While the 2007 tax rates did not change, tax brackets were widened due to inflation. This means that a larger portion of many people’s income will be taxed at a lower rate.

Earned income tax credit

The amount of earnings you can claim and still be eligible for the earned income tax credit has increased for 2007.

According to the IRS Web site, the minimum earned income amount used to figure the additional child tax credit has increased to $11,750. That affects individuals who earned less than $37,783 ($39,783 for married, filing jointly) with two or more qualified children; $33,241 ($35,241 for married, filing jointly) with qualifying child; and $12,590 ($14,590 for married, filing jointly) for individuals with no children.

Standard mileage rates

The deduction for operating your car for business, medical and move-related uses has increased.

The standard mileage rate for business is now 48.5 cents a mile, while the rate for operating your vehicle to get medical care or to move has increased to 20 cents a mile.

Foreign income exclusion

Now being adjusted annually, the foreign income tax exclusion, which affects foreign money earned abroad, has increased for 2007 from $82,400 to $85,700.

For more information about the tax law changes, consult your tax center or visit the IRS Web site at

— Bryce Dubee

Combat pay not taxable

According to the IRS, if you served in a combat zone or hazardous duty area during 2007, the pay you received while deployed may be eligible for a combat zone exclusion.

“The month for which you receive the pay must be a month in which you either served in a combat zone or were hospitalized as a result of wounds, disease, or injury incurred while serving in the combat zone,” the IRS Web site states, adding that your combat pay should be automatically excluded from the rest of your income on your W-2 form.

Types of pay that are excluded include active-duty pay, imminent danger or hostile fire pay and re-enlistment bonuses as long as the voluntary extension or re-enlistment took place while you were in the combat zone.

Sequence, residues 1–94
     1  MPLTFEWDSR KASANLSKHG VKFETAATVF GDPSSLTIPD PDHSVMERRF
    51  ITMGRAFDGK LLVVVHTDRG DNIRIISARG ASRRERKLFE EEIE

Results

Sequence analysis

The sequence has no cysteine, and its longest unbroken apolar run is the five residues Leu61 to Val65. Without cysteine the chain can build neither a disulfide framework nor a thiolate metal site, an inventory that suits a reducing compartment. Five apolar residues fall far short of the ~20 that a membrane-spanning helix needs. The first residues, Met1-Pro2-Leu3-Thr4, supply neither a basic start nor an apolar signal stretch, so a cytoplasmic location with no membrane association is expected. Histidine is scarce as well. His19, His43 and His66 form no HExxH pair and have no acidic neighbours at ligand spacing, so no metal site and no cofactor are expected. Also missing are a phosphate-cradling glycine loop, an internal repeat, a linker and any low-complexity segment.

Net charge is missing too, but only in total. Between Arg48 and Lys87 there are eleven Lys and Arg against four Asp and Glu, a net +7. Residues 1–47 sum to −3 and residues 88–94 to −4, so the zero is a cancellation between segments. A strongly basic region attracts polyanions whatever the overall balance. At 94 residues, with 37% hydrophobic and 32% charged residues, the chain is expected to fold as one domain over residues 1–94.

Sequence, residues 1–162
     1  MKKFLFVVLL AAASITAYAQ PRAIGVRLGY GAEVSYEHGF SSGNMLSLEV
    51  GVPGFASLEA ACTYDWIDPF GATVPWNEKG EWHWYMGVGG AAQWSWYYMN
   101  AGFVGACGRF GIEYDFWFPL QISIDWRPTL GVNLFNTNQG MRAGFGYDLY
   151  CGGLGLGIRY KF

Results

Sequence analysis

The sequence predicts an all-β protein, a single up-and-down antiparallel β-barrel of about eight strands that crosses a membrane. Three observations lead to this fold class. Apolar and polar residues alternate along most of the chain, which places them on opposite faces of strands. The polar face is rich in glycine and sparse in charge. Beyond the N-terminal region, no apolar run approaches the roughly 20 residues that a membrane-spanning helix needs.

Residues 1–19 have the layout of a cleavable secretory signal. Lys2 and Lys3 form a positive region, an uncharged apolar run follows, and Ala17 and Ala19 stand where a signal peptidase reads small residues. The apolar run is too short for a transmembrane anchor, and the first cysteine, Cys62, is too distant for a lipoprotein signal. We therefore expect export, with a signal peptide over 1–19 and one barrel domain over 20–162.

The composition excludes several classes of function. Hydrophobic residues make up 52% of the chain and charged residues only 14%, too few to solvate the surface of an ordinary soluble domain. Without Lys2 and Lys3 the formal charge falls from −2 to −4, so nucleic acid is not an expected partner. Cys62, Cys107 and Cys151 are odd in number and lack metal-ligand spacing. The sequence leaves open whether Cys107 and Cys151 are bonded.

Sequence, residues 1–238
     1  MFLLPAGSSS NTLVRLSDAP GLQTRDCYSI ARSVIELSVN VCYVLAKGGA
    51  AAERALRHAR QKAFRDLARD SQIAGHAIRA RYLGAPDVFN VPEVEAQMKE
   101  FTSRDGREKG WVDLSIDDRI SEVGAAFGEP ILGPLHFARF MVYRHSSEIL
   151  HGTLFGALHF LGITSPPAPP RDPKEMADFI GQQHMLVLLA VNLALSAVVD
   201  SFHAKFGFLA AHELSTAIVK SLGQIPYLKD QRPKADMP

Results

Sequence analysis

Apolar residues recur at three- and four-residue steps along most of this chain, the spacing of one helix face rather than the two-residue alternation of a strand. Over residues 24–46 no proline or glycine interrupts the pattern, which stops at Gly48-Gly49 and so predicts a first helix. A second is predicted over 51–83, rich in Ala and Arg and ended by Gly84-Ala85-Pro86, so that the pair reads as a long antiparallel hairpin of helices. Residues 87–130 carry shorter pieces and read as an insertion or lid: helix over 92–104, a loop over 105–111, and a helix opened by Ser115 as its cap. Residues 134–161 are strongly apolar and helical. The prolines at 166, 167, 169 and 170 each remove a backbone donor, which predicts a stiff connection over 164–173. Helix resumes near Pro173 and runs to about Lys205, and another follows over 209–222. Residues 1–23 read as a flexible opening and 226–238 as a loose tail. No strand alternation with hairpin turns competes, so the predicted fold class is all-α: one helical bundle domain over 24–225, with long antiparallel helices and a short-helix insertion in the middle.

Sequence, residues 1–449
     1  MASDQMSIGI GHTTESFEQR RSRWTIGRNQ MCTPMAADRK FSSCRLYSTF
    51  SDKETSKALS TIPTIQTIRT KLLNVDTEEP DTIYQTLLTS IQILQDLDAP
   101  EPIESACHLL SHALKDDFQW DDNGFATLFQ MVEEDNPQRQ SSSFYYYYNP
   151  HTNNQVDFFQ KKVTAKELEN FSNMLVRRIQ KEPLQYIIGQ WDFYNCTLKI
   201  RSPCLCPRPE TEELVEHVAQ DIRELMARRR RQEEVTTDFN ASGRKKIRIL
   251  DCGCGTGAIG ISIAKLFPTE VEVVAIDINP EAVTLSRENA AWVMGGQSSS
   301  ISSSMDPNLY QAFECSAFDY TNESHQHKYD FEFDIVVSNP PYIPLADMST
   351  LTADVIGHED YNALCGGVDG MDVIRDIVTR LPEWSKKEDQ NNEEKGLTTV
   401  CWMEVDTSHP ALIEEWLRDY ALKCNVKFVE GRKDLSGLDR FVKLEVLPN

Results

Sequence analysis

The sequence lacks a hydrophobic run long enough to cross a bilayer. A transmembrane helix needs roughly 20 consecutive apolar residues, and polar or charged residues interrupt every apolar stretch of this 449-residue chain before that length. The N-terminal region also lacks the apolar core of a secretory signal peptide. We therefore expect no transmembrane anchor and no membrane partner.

— Bryce Dubee

List of combat zones

Combat zones are designated by an executive order from the president as areas in which the U.S. armed forces are engaging or have engaged in combat. There are currently three such combat zones (including the airspace above each):

¶ Arabian Peninsula areas, beginning Jan. 17, 1991 — the Persian Gulf, Red Sea, Gulf of Oman, the part of the Arabian Sea north of 10º North latitude and west of 68º East longitude, the Gulf of Aden, and the countries of Bahrain, Iraq, Kuwait, Oman, Qatar, Saudi Arabia and the United Arab Emirates.

¶ Kosovo area, beginning March 24, 1999 — Federal Republic of Yugoslavia (Serbia and Montenegro), Albania, the Adriatic Sea and the Ionian Sea north of the 39th Parallel.

¶ Afghanistan, beginning Sept. 19, 2001.

Public Law 104-117 designates three parts of the former Yugoslavia as a Qualified Hazardous Duty Area, to be treated as if it were a combat zone, beginning Nov. 21, 1995 — Bosnia and Herzegovina, Croatia and Macedonia.

In addition, the Department of Defense has certified these locations for combat zone tax benefits due to their direct support of military operations, beginning on the listed dates:

In support of Operation Enduring Freedom (Afghanistan combat zone):

¶ Pakistan, Tajikistan and Jordan — Sept. 19, 2001.

¶ Incirlik Air Base, Turkey — Sept. 21, 2001 through Dec. 31, 2005.

¶ Kyrgyzstan and Uzbekistan — Oct. 1, 2001.

¶ Philippines (only troops with orders referencing Operation Enduring Freedom) — Jan. 9, 2002.

¶ Yemen — April 10, 2002.

¶ Djibouti — July 1, 2002.

¶ Somalia — Jan. 1, 2004.

In support of Operation Iraqi Freedom (Arabian Peninsula Areas combat zone):

¶ Turkey — Jan. 1, 2003 through Dec. 31, 2005.

¶ Israel — Jan. 1 through July 31, 2003.

¶ The Mediterranean Sea east of 30º East longitude — March 19 through July 31, 2003.

¶ Jordan — March 19, 2003.

¶ Egypt — March 19 through April 20, 2003

For federal income tax purposes, qualified hazardous duty areas are treated as combat zones.

Source: IRS